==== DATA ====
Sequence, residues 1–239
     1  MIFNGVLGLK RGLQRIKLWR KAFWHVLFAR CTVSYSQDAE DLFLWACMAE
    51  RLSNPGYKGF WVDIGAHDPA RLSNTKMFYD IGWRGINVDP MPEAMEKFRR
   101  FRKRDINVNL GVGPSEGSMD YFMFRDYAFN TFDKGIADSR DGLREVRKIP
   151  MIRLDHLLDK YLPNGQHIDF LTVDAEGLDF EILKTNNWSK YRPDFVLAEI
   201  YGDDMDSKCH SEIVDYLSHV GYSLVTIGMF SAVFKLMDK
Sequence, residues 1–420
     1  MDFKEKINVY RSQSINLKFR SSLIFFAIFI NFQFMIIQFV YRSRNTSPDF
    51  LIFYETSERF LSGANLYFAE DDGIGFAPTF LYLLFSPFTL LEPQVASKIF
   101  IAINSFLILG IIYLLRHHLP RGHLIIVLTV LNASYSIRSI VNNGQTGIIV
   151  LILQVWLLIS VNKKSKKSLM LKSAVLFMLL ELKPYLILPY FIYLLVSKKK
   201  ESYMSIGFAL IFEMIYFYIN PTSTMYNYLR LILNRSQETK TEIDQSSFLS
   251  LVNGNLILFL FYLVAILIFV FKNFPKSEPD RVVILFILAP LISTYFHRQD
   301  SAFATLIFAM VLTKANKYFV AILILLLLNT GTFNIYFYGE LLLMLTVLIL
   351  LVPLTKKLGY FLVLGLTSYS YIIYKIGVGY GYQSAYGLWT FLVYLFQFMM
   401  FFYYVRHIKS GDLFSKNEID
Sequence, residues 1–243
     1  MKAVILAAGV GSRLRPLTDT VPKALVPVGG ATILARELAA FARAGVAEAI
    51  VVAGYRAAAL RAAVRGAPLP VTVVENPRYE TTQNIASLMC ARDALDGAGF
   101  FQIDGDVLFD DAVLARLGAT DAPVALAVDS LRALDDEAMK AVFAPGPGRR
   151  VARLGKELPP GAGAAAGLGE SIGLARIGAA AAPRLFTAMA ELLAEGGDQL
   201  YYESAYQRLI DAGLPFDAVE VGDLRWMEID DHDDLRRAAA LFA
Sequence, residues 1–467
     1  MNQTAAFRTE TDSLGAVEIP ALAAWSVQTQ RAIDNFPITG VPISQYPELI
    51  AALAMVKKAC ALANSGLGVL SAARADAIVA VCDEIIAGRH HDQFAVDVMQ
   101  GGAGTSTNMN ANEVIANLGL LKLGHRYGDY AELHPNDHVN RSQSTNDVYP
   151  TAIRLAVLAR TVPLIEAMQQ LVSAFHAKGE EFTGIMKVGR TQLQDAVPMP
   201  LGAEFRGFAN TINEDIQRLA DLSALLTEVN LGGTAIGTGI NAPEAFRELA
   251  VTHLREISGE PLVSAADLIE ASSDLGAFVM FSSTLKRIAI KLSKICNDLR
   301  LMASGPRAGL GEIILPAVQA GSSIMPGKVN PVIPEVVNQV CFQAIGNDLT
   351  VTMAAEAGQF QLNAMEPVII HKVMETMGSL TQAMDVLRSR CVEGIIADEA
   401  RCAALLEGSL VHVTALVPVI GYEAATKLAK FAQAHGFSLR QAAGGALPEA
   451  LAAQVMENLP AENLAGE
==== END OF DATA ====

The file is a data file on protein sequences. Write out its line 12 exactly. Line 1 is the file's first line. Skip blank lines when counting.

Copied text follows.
   201  ESYMSIGFAL IFEMIYFYIN PTSTMYNYLR LILNRSQETK TEIDQSSFLS